What’s interesting to me, reading comments here and elsewhere about this book, is that virulent anger is often directed at women who say they have high sex drives.
    Which, I’m sorry to say, mirrors my experience in many ‘formally’ feminist contexts – sexuality is meant to be erased, downplayed, and devalued as something scary and oppressive. I call it the ‘Beige Syndrome’: an implication that real feminists have no sexuality – a weird Fascist conflation of inoffensive neutrality of identity with good politics.
    Simultaneously, illustrating a different chasm within schools/areas of feminism, any challenge to the sex industry becomes ‘oppressive’ of sex workers and their sexuality (which is not, the majority of the time in the majority of the world, freely chosen), even when the challenge in question directly speaks to protecting sex workers. The feminist who is anti porn industry is a Prude Who Hates Sex Workers (and, the implication often is, just needs to get laid).
    As a monolithic media culture and a complex, interacting system of more reality-based micro-cultures, we are completely deranged about sexuality – within feminism, I think, as much as outside of it. Personal defensiveness (in either direction) abounds, extrapolation from the personal to everyone else is endemic, and to my mind, what gets lost is any effort toward creating an environment in which diversity of drive and reasons for it is accepted not only as normal, but as NOT A GENDERED ISSUE.
    What flips me out about this book is the biological essentialism serving traditional gender stereotypes, and how largely absent that issue is from the many conversations about it.
    I did a post about this a little while ago – it contains the Dan Savage link, the Alternet article about the book, and a link to a great post by Echidne about which women’s health studies get press and which don’t (and why).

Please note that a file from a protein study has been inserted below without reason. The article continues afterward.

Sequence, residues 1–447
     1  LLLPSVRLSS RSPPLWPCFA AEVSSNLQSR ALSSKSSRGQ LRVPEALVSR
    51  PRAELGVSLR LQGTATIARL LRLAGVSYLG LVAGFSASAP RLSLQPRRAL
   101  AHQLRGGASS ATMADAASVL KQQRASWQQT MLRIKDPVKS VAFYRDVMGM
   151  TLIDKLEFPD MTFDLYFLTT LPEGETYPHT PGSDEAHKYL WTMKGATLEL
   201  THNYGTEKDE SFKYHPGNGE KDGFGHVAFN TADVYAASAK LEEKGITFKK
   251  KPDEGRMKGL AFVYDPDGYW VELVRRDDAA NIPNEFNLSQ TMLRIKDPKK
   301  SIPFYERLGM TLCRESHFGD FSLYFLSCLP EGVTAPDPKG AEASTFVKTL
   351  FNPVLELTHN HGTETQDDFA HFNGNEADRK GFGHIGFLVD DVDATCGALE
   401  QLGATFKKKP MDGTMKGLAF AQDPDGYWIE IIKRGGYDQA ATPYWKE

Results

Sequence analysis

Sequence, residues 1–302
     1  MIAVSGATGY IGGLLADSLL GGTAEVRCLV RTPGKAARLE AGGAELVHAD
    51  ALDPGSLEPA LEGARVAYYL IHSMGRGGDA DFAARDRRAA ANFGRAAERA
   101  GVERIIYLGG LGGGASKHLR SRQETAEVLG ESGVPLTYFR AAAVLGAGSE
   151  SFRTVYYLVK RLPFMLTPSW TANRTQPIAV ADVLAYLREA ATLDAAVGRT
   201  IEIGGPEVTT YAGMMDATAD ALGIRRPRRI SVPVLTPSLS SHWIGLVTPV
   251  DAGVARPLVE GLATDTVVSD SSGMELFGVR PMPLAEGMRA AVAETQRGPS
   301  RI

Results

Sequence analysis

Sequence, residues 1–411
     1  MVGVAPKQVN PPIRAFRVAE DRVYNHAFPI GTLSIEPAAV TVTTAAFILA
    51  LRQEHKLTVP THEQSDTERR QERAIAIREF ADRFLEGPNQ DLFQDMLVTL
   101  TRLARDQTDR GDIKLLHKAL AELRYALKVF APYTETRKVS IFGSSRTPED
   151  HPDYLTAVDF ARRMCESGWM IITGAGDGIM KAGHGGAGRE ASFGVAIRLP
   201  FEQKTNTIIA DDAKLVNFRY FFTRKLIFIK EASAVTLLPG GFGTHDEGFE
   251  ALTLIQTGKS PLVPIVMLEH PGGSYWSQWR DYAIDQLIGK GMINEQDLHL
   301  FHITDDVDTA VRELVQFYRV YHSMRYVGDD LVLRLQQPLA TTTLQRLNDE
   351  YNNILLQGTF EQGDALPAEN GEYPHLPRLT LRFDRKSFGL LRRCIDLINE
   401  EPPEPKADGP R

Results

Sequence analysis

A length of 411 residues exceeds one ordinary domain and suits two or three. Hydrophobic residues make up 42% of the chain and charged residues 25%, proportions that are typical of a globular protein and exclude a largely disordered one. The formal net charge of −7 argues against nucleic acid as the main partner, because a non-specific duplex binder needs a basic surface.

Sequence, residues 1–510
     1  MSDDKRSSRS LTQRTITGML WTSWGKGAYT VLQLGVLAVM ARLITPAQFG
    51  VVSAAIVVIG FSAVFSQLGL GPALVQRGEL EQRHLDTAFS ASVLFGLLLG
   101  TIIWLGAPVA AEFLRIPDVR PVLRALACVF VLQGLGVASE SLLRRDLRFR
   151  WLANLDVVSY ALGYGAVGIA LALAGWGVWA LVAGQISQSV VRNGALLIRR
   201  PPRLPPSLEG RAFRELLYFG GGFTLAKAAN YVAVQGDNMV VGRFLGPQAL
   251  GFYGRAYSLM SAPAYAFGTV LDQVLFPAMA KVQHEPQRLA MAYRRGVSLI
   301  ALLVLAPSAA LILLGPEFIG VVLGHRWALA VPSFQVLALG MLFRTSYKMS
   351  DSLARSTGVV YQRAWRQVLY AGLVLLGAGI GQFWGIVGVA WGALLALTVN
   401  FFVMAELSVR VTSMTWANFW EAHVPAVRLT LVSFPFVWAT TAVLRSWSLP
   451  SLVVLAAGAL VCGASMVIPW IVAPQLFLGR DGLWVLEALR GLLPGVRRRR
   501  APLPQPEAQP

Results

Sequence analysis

oh for god’s sake part fifty six million: sexist news lite
    My two cents. It’s a fraught subject.

  • subgrrl8

    good comments.
    i have to say that any media attention to my libido makes me *nervous*. just seeing all the articles over the past ten years, it is highly suspect that an establish sexist industry would be telling me how to be. that’s why, of course, i have retreated into my own world, which is devoid of all network news, all cable news, and all major newspapers and magazines. i read progressive magazines and local alt papers, and i read you wonderful bloggers to be up to date on what the patriarchy wants from me now. but at this point in my life, i need to be spending more time focused on my life and my goals than wallowing in self-pity imposed on me by a society that doesn’t give a shit about my health, mental, physical or emotional.
    i have a low libido. it isn’t non-existent, but compared to the “norm”, it is probably low. i have always had a low libido. i tend toward slow, long sex sessions because it takes me a while to get in the mood. i have a concentration thing- i have to actively concentrate on orgasming to achieve it. and this is just the way i have always been. that may and probably will change when i hit my 30s, but so what. it is what it is, and i and my partner have to deal with that.
    and as for it being only physical or only mental, wrong. it is also situational. i notice that since i work 3rd shift and my partner works 1st, my libido is even lower. why? probably my weird sleep schedule combined with not seeing him too often even though we live together.
    as another poster said above, while i love great sex, it is not the be-all end-all of my interests in life. if i spent all my time fucking, when would i write poetry? make cakes? watch good films? work on films? read novels? go for walks? see my friends?